Egocentrism is when a child can only see a certain situation his or her own way. One can not comprehend that other people have other views and perceptions of scenarios. Animism is when an individual gives a lifeless object human-like qualities. An individual usually believes that this object has human emotions, thoughts and intentions.
Once he had proposed his structuralist theory, Piaget characterized the preoperational child as lacking the cognitive structures possessed by the concrete operational child.
The absence of these structures explains, in part, the behaviors Piaget had previously described as egocentric and animistic, for example, an inability to comprehend that another individual may have different emotional responses to similar experiences. Concrete operational stage[ edit ] Lasts from 6 or 7 years until about 12 or During this stage, the child's cognitive structures can be characterized by reality.
Piaget argues that the same general principles can be discerned in a wide range of behaviors. One of the best-known achievements of this stage is that of conservation. A preoperational child will typically judge the taller, thinner glass to contain more, while a concrete operational child will judge the amounts still to be the same.
The ability to reason in this way reflects the development of a principle of conservation. The need for concrete examples is no longer necessary because abstract thinking can be used instead.
In this stage adolescents are also able to view themselves in the future and can picture the ideal life they would like to pursue. Some theorists believe the formal operational stage can be divided into two sub-categories:Cognitive psychology is the study of mental processes such as "attention, language use, memory, perception, problem solving, creativity, and thinking".
Much of the work derived from cognitive psychology has been integrated into various other modern disciplines such as Cognitive Science and of psychological study, including educational psychology, social psychology, personality psychology.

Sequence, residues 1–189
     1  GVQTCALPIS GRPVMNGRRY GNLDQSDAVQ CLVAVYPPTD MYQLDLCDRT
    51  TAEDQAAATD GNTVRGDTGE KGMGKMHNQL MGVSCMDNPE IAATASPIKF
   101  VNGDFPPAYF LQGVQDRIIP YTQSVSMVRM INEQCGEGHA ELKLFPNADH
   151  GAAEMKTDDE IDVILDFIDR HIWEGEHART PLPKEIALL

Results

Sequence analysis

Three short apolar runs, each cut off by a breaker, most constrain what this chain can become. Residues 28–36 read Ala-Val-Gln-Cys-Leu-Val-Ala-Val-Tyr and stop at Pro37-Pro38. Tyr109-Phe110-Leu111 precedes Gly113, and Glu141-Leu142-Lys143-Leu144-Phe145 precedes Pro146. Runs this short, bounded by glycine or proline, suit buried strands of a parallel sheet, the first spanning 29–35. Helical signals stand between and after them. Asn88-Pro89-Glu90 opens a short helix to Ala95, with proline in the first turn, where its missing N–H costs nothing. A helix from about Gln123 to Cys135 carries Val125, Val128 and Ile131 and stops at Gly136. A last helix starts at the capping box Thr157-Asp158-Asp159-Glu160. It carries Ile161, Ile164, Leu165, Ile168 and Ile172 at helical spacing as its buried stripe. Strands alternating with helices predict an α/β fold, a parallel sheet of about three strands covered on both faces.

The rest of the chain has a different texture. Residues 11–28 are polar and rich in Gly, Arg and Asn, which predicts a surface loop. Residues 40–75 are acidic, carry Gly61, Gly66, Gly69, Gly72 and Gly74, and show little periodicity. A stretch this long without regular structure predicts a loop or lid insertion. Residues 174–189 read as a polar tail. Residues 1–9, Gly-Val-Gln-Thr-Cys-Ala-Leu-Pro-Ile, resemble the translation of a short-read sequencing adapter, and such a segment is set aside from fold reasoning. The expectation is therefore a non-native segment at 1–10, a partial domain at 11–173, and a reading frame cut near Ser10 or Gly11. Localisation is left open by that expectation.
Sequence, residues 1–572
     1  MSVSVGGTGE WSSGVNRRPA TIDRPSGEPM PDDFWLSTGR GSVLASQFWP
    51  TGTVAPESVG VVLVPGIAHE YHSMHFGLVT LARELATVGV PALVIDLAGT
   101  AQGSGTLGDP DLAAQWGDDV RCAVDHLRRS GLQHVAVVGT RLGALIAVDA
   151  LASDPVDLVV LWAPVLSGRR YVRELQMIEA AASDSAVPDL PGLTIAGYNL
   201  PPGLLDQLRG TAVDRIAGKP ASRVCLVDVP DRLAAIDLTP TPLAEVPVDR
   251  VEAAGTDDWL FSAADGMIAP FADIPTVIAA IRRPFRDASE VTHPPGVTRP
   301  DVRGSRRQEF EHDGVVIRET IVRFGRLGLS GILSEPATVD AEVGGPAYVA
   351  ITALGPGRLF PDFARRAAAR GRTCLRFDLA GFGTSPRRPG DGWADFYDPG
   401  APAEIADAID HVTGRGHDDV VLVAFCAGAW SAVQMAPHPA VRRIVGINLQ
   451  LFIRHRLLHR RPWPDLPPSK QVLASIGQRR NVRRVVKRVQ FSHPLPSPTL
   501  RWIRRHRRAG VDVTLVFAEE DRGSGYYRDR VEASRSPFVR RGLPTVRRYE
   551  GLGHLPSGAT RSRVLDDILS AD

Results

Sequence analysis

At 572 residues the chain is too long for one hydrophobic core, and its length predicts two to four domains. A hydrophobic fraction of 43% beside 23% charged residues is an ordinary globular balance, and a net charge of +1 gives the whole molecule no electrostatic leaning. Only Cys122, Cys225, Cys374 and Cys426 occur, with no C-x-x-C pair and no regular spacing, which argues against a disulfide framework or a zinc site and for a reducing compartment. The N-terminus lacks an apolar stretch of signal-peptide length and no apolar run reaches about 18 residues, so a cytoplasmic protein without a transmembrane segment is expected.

Piaget's 4 Stages of Cognitive Development. Piaget proposed four stages of cognitive development which reflect the increasing sophistication of children's thought: 1. Sensorimotor stage (birth to age 2) 2.
Pre-operational stage (from age 2 to age 7) 3. Concrete operational stage (from age 7 to age 11) 4.
Social cognitive neuroscience. The advances described above led to the development in the early years of the 21st century of a new, highly popular field: social cognitive neuroscience (SCN).
Cognitive psychology became of great importance in the mids. Several factors were important in this: Disatisfaction with the behaviorist approach in its simple emphasis on external behavior rather than internal processes.
The development of better experimental methods. Comparison between human and computer processing of information. The Theory of Cognitive Development, is a comprehensive theory about the nature and development of human intelligence first developed by Jean rutadeltambor.com is primarily known as a developmental stage theory, but in fact, it deals with the nature of knowledge itself and how humans come gradually to acquire it, construct it, and use rutadeltambor.comer; Piaget claims the idea that cognitive development .
Jul 13, · Cognitive psychology is the scientific investigation of human cognition, that is, all our mental abilities – perceiving, learning, remembering, thinking, reasoning, and understanding.
The term “cognition” stems from the Latin word “ cognoscere” or "to know".
Fundamentally, cognitive psychology studies how people acquire and apply .